Pairing and set up is absolutely straightforward, and the UE app is just fantastic. We think it's perhaps a little bit expensive for what you get, hence its position on the list (although the price is steadily dropping). However, it’s still one of the best options out there, especially when you consider how you can kick it about, drop it, probably even run it over with a car. If you're looking for a model to take to the beach, or on a climbing trip, then this should be the one you look at.
See the Ultimate Ears Megaboom
Dimensions: 7.1" x 5.1" x 4.3"
Drivers: 1 x 1" tweeter, 1 x 3.5" mid-range, 2 x 3.7" woofer
What We Like: Splash-proof.
What We Don’t: Not a SONOS beater, a little dull.
As we said in our review: "It’s not flashy. It’s not going to win any awards. It is, in a lot of ways, kind of dull. But taken on its own merits, the One S is a flawed product that still managed to win us over." And while it's no SONOS, being slightly trickier to operate and without as much power in the audio department, it's still a viable alternative, and belongs on this list because it has something those systems do not.
It's relatively splash-proof, making it perfect for use in the kitchen or bathroom, especially as part of a multiroom system. After continued use throughout our house, we came to appreciate its rugged nature and ability to take a little bit of a pounding - especially from wet, slippy hands, or spattering foods. We also love the rubberised shortcut buttons, which make fumbling for a new Internet station dead simple. It's probably a little bit expensive for what you get, but it's still very good model, albeit definitely not our first pick. Still, in this range, it’s great.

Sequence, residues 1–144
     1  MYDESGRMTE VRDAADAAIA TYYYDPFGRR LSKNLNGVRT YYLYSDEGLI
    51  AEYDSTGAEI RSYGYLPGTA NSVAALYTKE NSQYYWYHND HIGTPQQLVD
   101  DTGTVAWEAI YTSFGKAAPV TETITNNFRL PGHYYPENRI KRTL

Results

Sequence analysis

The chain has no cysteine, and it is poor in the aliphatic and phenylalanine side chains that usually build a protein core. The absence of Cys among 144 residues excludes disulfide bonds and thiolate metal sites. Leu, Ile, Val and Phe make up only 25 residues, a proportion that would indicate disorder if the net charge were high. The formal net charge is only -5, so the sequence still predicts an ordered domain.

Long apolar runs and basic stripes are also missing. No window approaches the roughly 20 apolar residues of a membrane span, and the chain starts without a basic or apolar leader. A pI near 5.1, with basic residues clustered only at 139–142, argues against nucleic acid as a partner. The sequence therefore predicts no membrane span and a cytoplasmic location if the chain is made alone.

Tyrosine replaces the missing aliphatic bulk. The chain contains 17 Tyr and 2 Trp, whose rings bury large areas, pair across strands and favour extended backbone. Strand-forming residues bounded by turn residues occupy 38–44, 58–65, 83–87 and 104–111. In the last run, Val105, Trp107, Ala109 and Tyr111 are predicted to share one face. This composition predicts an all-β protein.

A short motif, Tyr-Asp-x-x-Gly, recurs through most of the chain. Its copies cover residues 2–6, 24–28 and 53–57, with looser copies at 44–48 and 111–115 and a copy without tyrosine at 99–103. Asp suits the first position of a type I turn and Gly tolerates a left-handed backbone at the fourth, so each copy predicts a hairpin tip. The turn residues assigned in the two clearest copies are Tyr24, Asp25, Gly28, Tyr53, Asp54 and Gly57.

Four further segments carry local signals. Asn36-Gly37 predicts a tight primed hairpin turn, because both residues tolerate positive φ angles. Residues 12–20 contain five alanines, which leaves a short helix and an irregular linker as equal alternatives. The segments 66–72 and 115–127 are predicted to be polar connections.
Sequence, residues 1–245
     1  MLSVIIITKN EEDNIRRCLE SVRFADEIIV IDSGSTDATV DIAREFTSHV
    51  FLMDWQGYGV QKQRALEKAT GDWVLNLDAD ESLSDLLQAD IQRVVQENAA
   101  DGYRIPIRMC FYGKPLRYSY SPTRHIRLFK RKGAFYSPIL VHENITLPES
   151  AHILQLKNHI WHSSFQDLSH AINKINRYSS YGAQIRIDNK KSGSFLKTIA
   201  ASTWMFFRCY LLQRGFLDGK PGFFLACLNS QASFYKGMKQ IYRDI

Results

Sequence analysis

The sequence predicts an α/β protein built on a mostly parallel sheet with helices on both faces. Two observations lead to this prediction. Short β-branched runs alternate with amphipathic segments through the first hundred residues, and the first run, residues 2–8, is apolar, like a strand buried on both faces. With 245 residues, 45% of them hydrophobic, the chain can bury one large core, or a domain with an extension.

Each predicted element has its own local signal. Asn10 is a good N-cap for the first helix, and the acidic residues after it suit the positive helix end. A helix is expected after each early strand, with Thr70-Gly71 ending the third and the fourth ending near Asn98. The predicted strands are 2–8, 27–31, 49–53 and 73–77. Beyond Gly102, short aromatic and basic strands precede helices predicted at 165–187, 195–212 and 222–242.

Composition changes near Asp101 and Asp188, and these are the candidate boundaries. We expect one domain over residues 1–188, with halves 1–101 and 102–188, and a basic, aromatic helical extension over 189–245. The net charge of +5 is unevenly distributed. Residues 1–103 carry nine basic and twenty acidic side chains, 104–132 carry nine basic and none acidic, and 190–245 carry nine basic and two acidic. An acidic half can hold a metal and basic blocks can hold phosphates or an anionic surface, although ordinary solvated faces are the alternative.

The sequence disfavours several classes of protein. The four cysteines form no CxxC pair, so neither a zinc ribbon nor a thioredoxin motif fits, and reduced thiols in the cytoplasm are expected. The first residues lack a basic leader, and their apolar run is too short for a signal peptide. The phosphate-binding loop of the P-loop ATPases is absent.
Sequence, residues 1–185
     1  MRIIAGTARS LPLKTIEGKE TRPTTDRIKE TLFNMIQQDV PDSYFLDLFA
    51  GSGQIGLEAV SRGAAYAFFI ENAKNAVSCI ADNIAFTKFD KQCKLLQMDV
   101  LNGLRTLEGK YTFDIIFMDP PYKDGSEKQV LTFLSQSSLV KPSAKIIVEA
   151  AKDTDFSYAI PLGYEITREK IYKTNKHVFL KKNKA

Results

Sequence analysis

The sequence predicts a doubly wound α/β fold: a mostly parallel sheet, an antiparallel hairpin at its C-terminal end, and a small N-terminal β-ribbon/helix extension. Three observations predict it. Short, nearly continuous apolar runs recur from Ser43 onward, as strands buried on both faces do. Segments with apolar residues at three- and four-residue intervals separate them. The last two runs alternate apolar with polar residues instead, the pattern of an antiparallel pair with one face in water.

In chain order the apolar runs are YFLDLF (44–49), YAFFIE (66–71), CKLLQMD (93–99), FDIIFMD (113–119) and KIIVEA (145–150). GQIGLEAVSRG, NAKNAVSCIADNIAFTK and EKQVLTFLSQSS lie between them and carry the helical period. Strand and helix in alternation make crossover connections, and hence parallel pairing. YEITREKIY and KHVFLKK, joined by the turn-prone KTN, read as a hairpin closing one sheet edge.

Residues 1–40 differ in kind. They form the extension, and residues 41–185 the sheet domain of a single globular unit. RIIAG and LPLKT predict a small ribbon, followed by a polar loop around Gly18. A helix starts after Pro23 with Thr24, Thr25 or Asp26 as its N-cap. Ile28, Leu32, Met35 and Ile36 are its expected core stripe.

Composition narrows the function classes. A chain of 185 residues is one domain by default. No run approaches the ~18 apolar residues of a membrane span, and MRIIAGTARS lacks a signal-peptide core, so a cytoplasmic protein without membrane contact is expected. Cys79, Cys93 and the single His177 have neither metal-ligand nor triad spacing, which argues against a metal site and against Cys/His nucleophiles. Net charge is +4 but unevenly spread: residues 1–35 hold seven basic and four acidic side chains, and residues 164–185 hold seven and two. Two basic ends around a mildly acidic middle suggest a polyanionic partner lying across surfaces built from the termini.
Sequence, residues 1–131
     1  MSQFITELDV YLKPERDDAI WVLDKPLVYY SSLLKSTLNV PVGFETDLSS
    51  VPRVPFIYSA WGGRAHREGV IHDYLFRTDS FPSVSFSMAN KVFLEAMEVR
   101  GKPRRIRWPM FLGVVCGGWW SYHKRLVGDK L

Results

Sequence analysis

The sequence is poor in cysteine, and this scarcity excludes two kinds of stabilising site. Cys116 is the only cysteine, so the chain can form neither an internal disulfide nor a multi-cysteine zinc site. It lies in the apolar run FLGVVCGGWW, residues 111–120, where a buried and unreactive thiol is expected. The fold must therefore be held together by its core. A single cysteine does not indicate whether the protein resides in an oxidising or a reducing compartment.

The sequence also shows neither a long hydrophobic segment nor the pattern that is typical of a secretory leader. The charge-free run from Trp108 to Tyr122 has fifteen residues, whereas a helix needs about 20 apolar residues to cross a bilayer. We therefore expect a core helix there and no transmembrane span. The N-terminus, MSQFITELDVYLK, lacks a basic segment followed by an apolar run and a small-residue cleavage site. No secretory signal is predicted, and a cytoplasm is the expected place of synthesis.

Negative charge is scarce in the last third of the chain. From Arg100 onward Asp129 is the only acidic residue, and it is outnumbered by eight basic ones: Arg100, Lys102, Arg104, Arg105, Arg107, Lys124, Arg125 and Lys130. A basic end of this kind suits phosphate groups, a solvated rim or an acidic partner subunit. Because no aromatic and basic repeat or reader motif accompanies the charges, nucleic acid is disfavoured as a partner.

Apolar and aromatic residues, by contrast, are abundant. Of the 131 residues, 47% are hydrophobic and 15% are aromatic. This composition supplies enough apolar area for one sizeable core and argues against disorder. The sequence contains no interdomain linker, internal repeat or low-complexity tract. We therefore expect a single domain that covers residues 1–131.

See the Raumfeld One-S
Dimensions: 8.7" x 7" x 6.25"
Drivers: 1 x 0.5" tweeter, 1 x 2.5" midrange
What We Like: Crisp sound and design.
What We Don’t: Doesn't do anything other speakers don't do.
Sony is slowly starting to improve its wireless game. The SRSZR5 doesn't do anything particularly special, but we absolutely love boxy design with the metal edges, which is just perfect for filling out the end of a bookshelf, and being a very subtle source of music in a busy room.
The price is attractive, too, and the sound is crisp and detailed enough to justify a purchase. You can stream over both WiFi and Bluetooth, and it works perfectly well with Google Cast. You can also incorporate these speakers into an existing TV audio setup, using them as front or satellite speakers, giving a hybrid quality that we like. The SongPal app - one of the better audio apps out there, and believe use, we’ve tested a few - give you full control of your music, and it’s even got USB functionality if you want to go the hardware option. We still think models like the Denon, SONOS and Bose trump it, but if they aren't available, then you'll be perfectly happy with this alternative.
See the Sony SRSZR5
And For When You Want Your Speaker To Talk Back...
Dimensions: 9.3" x 3.3" x 3.3"
Drivers: 2.5" Woofer, 2" Tweeter
What We Like: Artificial intelligence.
What We Don’t: Sound isn't as good for music.